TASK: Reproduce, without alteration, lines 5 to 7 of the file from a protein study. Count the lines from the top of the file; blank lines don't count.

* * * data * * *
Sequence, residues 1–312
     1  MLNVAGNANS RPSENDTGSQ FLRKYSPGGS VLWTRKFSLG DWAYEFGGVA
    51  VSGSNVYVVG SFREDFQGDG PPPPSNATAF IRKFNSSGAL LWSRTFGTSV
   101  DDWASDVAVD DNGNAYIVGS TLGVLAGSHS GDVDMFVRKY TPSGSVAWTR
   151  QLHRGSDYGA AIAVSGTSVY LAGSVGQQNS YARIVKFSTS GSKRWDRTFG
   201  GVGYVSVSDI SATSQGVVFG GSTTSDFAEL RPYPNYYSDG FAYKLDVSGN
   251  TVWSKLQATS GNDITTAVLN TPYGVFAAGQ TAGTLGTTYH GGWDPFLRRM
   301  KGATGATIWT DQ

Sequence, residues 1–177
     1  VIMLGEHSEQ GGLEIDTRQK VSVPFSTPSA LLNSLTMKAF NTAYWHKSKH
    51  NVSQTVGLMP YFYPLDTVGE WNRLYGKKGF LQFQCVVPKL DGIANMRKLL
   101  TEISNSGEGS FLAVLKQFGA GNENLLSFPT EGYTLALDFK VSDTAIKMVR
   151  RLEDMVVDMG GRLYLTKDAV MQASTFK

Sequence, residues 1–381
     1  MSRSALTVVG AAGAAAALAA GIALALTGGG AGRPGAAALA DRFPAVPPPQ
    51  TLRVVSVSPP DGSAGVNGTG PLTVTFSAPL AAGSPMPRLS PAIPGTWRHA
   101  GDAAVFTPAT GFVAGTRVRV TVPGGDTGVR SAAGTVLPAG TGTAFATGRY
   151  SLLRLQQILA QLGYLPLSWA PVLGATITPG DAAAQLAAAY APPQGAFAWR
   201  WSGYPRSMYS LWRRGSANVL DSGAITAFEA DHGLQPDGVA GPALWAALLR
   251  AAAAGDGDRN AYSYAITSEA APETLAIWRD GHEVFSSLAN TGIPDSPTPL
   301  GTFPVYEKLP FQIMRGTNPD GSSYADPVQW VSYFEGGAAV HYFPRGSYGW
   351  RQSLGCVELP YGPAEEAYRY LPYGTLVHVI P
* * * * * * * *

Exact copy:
   151  QLHRGSDYGA AIAVSGTSVY LAGSVGQQNS YARIVKFSTS GSKRWDRTFG
   201  GVGYVSVSDI SATSQGVVFG GSTTSDFAEL RPYPNYYSDG FAYKLDVSGN
   251  TVWSKLQATS GNDITTAVLN TPYGVFAAGQ TAGTLGTTYH GGWDPFLRRM